A two-alarm fire in Olney Friday night obliterated an entire townhouse, caused approximately $1.4 million in damages and displaced 20 people from neighboring homes, fire officials reported.
The fire started in a townhouse community in the 3500 block of Softwood Terrace as a result of a unidentified resident using lighter fluid to restart a wood-burning fire in the basement, Montgomery County Fire and Rescue Service Spokesman Pete Piringer said.
“There was some kind of malfunction with the lighter fluid can,” Piringer said. “The fire came back at him and the rest of the lighter fluid became involved. Then the fire spread rapidly.”
The resident left the door to the basement open when evacuating, which fueled the fire, according to Piringer.
Piringer said a neighbor called the fire department after noticing the neighbor’s deck ablaze.
Station 40 of the Sandy Spring Volunteer Fire Department on Georgia Avenue in Olney was the first to respond at 7:15 p.m. Approximately 100 MCFRS firefighters overall from multiple stations responded to the fire, Piringer said.
Piringer said there were “heavy fire conditions,” as crews had to operate in 10-degree weather with -5 degree wind chill.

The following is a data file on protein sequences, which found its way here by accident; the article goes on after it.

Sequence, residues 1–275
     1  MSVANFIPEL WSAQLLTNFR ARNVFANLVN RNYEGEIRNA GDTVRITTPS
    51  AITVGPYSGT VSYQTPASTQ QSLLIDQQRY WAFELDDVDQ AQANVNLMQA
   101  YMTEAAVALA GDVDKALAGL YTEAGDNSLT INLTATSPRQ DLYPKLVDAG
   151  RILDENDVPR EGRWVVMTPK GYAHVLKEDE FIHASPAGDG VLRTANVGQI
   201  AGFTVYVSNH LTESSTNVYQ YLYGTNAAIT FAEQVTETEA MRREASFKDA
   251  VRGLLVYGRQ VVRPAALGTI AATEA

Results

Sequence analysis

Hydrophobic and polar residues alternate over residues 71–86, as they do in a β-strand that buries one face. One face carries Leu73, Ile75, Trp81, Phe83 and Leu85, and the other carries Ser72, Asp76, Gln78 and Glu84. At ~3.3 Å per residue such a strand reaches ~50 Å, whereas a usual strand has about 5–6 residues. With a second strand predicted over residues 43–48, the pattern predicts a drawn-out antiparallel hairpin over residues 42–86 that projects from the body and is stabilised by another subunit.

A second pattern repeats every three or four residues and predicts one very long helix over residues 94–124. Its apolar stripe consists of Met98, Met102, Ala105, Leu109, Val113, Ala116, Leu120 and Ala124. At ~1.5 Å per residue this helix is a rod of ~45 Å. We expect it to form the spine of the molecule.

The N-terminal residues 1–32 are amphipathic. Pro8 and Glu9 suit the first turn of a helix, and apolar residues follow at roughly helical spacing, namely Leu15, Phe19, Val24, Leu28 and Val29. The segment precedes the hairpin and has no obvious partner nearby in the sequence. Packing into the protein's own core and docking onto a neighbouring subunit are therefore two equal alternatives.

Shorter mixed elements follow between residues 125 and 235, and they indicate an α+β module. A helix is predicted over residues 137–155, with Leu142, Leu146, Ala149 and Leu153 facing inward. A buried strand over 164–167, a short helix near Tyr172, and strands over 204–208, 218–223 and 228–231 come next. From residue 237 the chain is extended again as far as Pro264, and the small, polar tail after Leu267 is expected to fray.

There were no fatalities.
The man who ignited the fire was taken to the hospital to be treated for minor burns and smoke inhalation, but he was back in front of his home Saturday morning, along with a woman who also lived in the home, checking out the damage.
“I have no comment,” the man said.
A friend of the man’s said, “They don’t want to talk to you. People bothered them all night.”
According to Piringer, there was a partial structural collapse of the townhouse.
Ju Shim, a woman who lives at the end of the five-row cluster of townhouses shared hugs with a group of neighbors. Then she began crying as she walked toward her home with her son in the frigid weather. Shim said her family would be living in a Gaithersburg hotel until they are allowed to return. An investigator from the insurance company is expected to be on the scene on Monday.
For a “two-alarm fire,” according to Battalion Chief Frank Doyle, fire officials are authorized to send eight fire engines, four ladder trucks, two rescue squads, two ambulances and four command officers.
Piringer said that crews worked in two-hour shifts throughout the night to monitor the fire scene. On Saturday morning, they moved throughout the unit next to the primary home, removing scraps of burnt materials. Both Doyle and Piringer confirmed that an investigator from the MCFRS Fire/Explosive Investigations Unit also responded to the scene.
Piringer said that two firefighters received minor injuries.
Several other non-life threatening injuries were reported. The Red Cross was at the scene helping displaced residents.